During the timespan of Mount Stuart Trust’s Contemporary Visual Arts Programme artists including Kate Whiteford, Thomas Joshua Cooper, Christine Borland, Langlands & Bell, Anya Gallaccio, Nathan Coley, Mark Neville, Lee Mingwei, Lorna Macintyre, Kate Davis, Sarah Staton, Steven Claydon, Martin Boyce, Moyna Flannigan, Katya Strunz, Ilana Halperin and Lucy Skaer have worked together with the trust and responded to the context of Mount Stuart.
On the programme’s anniversary, twenty years after its inception in 2001, Mount Stuart was in lockdown due to Covid 19. The nineteenth century neo–Gothic house closed to the public from April 2020 through May 2021. The landscaped gardens also remained closed, running a little wild due to the furloughing of many of the gardening team – the grasses long and the borders unruly. Located amidst these grounds, Martin Boyce’s 2019 seminal sculptural work An Inn For The Phantoms Of The Outside and In, lay alone and unseen. Boyce had requested zero maintenance, yet lockdown emphasized the poignancy of the work’s gradual return to nature and the patina of the passing seasons.
Ilana Halperin was due to open her exhibition of new work There Is a Volcano Behind My House at the time of the first lockdown in April 2020. Installation and photography were about to take place, and the usual preparations for a preview and opening. A project with Canadian based Abbas Akhavan was due to follow later in the summer. Associated events and educational programming were embedded in the plans for the programme. All these plans froze and have been reprogrammed into this year, 2021 (we opened in May), and next year (Abbas Akhavan will open in 2022).
It has been challenging for the artists to reframe their work in the current context. In Ilana Halperin’s case, for instance, although the work was made and ready to exhibit, her entire thinking around the project expanded during lockdown, embracing grief and loss following the death of her mother during the period. In response she has written and performed adjunct material around the exhibition. For Abbas Akhavan and future artists, their practice is clearly affected by the past year, logistically and emotionally. For the audience too, reading the works has changed in the light of the pandemic and its consequences. The reactions to Halperin’s first works opening after lockdown has been both moving and celebratory.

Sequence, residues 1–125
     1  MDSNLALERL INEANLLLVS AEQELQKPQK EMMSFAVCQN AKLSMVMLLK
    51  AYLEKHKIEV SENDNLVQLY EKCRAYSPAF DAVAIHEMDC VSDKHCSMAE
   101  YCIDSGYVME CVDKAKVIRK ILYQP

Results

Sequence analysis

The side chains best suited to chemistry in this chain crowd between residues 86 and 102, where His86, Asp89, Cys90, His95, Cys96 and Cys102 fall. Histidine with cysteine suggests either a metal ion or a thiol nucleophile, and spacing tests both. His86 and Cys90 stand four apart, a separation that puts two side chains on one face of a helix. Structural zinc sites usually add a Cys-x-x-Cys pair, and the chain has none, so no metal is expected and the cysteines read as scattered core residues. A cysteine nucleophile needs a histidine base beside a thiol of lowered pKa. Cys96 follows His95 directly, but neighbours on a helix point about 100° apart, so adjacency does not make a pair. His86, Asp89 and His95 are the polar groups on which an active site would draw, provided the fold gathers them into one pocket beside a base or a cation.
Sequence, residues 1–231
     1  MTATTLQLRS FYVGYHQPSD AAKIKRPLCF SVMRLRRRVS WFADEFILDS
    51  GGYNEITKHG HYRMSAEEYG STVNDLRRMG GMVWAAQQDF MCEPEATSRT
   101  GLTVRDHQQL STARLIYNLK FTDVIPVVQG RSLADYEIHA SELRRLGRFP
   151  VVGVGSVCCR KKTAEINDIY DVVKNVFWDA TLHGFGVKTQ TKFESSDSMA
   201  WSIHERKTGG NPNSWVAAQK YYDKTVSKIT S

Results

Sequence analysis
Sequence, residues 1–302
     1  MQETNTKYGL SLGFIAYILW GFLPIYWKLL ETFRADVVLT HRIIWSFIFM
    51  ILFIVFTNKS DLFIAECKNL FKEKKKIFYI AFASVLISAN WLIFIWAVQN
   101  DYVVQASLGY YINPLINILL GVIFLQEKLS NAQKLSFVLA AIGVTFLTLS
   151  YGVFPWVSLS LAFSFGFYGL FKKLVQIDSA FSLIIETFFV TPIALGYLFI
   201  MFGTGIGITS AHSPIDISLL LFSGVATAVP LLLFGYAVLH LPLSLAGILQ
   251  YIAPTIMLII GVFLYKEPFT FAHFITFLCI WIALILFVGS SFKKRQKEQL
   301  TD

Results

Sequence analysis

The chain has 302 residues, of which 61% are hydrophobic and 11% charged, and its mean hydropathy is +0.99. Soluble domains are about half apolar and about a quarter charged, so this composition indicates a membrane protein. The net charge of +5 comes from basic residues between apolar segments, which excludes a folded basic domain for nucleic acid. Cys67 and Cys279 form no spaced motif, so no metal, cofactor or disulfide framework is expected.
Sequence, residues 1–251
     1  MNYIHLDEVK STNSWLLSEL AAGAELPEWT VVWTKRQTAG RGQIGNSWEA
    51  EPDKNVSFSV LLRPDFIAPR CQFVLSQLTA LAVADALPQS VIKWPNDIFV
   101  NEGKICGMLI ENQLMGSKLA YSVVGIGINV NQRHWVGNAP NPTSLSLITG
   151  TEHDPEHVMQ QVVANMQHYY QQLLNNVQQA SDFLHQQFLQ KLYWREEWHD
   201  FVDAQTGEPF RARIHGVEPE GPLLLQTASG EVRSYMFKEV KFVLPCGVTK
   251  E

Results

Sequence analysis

The impact of the lockdown unfolded in multi-faceted and unexpected ways. Those conditions have in turn influenced our ways of working and how we have unlocked the programme and reintegrated into a changed cultural environment. Concerns over funding, programming, internal and external stakeholder relationships and contingencies are key factors and above all we have had to become accustomed to living with increased levels of uncertainty. The positive side of these concerns have included a renewed view of our programming, its pace and its content, and an extended relationship with digital communication, including films, behind the scenes insights and audio materials. Collaborations within the cultural sector have strengthened, as organisations and people have worked together to keep the sector alive and relevant.
Thinking on our feet is a skill we have honed since we began the programme in 2001, and one which has benefited us during these difficult times. More than ever, it is crucial to nurture relationships within the organisation and with external partners. We are all in the process of unlocking; emerging with fresh ways of thinking, and planning with extra care and foresight. Art is transformative. We need to work with the changed times, and to be part of the future.
Sophie Crichton-Stuart is Chair of Mount Stuart on the Isle of Bute. Ilana Halperin There Is a Volcano Behind My House runs until 15 August 2021. Arrange Whatever Pieces Come Your Way will exhibit and work on a community project from 21 August 2021. Abbas Akhavan opens Spring 2022. Find out more about the Visual Arts Programme.